With access to justice becoming increasingly expensive in Sri Lanka, economically impoverished segments of society are forced to turn a blind eye towards various injustices that they face. As a consequence of this, these persons are no longer able to enjoy their fundamental freedoms, and enjoy their rights to equality and even property. This is a pertinent problem that needs to be addressed in order for the country to meet its development goals in a sustainable manner.
It recognized in Sri Lanka that any person charged with an offence is entitled to be heard, in person or by an attorney-at-law, at a fair trial in a competent court, under Article 13(3) of the constitution. However, in reality the lack resources bar many from enjoying this right, though it is in itself a right that facilitates other rights.
Various actors in the legal system owe a duty in the process of bridging this gap, and while the Legal Aid Commission does commendable work in this regard, lawyers need to play an increasing role in providing legal aid to those in need. Law students too are an untapped resource in the process of assisting with the provision of legal aid facilities in the country, and the service plays a dual role, benefiting society on one hand, and a learning experience for students on the other. Further, it is a way in which the beneficiaries of a free education system in Sri Lanka can give back to society during their course of education.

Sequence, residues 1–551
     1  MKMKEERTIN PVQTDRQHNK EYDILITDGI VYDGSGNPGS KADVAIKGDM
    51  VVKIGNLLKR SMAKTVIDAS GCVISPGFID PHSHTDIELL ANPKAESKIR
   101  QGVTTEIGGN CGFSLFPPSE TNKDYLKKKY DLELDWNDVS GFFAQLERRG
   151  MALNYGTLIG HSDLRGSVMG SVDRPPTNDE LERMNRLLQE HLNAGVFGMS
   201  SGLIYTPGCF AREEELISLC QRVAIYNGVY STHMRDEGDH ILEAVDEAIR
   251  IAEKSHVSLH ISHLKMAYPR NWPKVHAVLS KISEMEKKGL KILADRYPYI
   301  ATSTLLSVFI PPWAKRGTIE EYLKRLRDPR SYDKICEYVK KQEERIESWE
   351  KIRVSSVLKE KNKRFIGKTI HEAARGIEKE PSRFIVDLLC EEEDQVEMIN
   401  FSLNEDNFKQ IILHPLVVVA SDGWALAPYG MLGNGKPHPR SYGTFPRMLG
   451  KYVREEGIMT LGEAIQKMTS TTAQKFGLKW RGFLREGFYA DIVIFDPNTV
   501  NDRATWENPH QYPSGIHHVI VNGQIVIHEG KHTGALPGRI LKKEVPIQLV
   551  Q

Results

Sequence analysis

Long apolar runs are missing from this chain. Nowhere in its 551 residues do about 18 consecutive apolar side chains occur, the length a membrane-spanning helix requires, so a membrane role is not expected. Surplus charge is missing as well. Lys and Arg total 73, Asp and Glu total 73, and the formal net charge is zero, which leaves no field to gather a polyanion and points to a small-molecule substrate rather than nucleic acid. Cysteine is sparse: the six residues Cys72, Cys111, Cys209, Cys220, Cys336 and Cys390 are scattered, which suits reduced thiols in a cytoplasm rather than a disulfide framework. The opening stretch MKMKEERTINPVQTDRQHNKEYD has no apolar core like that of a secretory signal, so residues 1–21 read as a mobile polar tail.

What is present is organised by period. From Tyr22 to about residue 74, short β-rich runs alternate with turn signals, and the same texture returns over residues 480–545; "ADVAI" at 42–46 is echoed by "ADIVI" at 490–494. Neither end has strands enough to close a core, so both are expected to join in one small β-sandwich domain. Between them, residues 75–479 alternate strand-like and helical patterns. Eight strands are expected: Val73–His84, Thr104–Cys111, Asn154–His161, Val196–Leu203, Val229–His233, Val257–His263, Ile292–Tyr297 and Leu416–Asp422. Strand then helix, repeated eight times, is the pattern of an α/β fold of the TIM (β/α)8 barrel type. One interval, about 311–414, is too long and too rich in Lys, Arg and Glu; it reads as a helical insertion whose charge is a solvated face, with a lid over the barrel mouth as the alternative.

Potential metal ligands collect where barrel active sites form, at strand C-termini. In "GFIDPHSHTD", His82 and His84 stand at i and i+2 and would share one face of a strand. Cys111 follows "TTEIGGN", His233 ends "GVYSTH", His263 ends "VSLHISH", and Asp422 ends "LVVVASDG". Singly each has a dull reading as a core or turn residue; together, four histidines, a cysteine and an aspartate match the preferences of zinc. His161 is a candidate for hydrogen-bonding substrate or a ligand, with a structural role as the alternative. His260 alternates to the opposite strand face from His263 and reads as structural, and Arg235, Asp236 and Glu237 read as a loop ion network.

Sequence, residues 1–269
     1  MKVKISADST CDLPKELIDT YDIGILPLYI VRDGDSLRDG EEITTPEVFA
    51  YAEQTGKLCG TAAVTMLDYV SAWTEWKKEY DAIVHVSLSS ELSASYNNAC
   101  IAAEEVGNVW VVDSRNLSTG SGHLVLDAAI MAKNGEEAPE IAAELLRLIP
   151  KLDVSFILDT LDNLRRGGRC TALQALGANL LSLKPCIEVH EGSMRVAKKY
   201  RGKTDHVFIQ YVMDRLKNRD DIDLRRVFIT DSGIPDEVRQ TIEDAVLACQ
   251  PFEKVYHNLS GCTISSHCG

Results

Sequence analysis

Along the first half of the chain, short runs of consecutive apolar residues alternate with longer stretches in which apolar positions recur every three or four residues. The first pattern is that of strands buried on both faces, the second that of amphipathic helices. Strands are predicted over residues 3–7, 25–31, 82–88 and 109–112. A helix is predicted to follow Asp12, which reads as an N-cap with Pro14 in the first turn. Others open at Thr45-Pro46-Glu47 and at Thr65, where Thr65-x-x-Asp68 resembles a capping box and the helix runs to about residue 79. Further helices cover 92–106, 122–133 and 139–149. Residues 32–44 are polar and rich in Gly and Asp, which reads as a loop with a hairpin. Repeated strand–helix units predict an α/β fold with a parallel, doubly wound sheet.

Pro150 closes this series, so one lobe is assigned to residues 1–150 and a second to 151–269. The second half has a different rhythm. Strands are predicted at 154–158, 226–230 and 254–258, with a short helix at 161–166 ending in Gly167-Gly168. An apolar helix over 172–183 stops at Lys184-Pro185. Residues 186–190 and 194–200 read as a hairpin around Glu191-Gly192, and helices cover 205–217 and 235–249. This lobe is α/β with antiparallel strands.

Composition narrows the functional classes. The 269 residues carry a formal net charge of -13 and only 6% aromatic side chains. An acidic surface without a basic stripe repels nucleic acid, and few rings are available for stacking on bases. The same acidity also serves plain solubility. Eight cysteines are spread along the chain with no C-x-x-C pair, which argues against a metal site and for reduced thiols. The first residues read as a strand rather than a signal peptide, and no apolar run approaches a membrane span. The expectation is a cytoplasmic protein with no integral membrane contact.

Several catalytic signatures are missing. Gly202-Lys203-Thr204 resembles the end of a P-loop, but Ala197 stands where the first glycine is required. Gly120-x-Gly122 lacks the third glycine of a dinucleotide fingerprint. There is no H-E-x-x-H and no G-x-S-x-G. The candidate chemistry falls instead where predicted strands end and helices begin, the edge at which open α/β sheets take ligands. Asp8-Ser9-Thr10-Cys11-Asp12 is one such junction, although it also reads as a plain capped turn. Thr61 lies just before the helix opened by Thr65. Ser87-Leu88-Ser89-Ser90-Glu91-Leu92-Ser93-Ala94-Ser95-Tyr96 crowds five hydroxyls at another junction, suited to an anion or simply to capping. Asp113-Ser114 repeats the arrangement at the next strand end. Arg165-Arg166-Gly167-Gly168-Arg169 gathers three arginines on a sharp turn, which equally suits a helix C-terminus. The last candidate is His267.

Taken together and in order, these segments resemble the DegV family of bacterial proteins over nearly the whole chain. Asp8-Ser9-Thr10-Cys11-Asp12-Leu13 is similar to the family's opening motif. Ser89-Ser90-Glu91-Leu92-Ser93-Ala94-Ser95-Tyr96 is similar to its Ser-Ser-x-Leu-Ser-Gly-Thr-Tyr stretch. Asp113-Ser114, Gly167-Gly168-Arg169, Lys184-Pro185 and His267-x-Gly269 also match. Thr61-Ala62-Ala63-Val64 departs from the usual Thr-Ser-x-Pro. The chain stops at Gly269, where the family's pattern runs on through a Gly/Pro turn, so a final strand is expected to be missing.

The initiative proposed in this project proposal attempts to bring together the State institutions, the legal professionals and law students in order to assist the low income persons in the society on limited scope pro bono cases.